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Federal prosecutors have charged former CIA computer engineer Joshua Schulte, 29, with stealing classified information, damaging agency computers, theft of government property, and lying to the FBI, the Justice Department announced Monday.
Why it matters: Investigators believe Schulte, who has been the main suspect in what appears to be the worst leak in CIA history, provided WikiLeaks with a series of stolen documents detailing the government's hacking tools, which the organization then posted online in March 2017. The massive breach, known as "Vault 7," set off a hunt to identify the individual behind the leak.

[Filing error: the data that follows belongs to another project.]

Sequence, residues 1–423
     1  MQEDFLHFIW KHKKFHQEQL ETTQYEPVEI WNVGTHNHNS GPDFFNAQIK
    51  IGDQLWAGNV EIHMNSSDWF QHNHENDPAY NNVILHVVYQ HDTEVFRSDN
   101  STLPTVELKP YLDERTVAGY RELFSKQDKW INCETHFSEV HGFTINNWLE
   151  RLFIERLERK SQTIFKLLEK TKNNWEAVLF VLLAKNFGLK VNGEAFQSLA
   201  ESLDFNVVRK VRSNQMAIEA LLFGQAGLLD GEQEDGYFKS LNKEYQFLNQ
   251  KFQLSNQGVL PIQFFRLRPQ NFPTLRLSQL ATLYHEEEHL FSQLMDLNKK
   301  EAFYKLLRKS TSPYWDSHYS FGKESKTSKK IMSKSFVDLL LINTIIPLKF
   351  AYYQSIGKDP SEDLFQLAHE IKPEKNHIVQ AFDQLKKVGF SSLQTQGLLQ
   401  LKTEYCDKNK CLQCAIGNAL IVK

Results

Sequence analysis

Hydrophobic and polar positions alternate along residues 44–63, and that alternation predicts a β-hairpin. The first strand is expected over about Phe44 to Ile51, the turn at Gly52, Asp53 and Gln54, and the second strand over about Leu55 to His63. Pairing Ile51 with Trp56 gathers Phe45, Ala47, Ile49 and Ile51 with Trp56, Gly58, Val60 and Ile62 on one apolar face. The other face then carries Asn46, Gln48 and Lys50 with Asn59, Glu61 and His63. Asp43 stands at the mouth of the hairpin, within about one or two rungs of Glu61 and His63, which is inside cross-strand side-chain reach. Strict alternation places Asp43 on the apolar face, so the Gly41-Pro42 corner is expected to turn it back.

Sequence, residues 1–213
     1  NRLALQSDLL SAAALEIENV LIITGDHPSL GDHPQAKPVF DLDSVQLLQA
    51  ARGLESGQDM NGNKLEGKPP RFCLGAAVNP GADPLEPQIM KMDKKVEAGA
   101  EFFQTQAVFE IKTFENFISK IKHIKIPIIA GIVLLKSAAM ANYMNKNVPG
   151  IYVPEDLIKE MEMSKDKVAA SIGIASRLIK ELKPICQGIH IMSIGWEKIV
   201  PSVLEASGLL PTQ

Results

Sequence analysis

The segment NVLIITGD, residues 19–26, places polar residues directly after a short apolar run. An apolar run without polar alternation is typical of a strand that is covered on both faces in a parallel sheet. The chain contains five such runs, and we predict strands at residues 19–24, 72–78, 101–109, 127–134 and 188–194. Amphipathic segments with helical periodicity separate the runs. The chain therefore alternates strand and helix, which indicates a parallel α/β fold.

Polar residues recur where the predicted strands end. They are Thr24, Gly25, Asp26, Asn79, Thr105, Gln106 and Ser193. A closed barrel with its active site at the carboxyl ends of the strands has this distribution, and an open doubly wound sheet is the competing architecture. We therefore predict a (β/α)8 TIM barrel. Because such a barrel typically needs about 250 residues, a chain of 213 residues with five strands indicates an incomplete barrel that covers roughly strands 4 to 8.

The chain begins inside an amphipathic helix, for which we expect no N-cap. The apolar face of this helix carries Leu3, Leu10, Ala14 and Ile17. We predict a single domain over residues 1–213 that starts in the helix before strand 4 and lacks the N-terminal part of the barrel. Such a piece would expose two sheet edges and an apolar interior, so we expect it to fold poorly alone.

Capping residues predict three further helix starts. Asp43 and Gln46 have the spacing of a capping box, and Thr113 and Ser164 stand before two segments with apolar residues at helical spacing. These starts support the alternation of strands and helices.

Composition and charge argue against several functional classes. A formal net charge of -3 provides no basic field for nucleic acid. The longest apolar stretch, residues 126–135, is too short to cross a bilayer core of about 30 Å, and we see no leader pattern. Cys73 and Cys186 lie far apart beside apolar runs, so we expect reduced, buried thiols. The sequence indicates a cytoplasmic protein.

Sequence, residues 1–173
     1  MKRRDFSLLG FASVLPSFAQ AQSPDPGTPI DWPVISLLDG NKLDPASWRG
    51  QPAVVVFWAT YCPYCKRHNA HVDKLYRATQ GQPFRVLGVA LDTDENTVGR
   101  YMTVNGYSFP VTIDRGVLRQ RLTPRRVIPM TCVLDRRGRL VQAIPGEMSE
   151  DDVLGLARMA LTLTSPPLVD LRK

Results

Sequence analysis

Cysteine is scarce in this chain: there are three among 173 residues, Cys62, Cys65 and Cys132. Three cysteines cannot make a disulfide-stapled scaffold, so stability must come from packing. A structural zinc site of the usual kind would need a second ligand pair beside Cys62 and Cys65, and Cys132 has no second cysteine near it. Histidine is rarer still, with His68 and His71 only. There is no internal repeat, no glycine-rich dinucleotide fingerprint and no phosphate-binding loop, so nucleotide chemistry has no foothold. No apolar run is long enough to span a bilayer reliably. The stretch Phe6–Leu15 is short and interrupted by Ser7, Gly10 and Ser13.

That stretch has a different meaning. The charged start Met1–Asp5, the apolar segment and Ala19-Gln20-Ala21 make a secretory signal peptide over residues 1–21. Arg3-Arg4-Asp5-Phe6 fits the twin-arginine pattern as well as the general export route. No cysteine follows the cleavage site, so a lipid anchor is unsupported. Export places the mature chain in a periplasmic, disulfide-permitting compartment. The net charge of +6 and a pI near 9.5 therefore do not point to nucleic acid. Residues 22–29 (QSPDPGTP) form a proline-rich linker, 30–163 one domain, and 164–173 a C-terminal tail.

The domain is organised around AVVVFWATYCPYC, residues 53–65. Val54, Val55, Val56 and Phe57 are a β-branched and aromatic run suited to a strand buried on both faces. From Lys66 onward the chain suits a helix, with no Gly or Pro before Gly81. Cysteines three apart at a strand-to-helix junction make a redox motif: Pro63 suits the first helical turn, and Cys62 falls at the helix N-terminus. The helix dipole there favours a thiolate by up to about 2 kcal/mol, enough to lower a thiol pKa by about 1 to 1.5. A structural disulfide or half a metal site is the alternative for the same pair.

The backdrop: Investigators had long suspected that Schulte was the man behind the breach, but until Monday, he was being held on separate charges for the possession of child pornography.
Take note: The DOJ's press release did not mention WikiLeaks by name. Instead, federal court documents say Schulte illegally obtained classified information in 2016, then provided it to an organization, which is believed to be WikiLeaks. Politico's Josh Gerstein says the omission signals "that [WikiLeaks] has not been charged in the case."
The impact: "Added together, the charges against him carry a statutory maximum penalty of 135 years in prison," the Washington Post's Matt Zapotosky writes. He adds that some officials have compared the leak to that of former National Security Agency contractor Edward Snowden.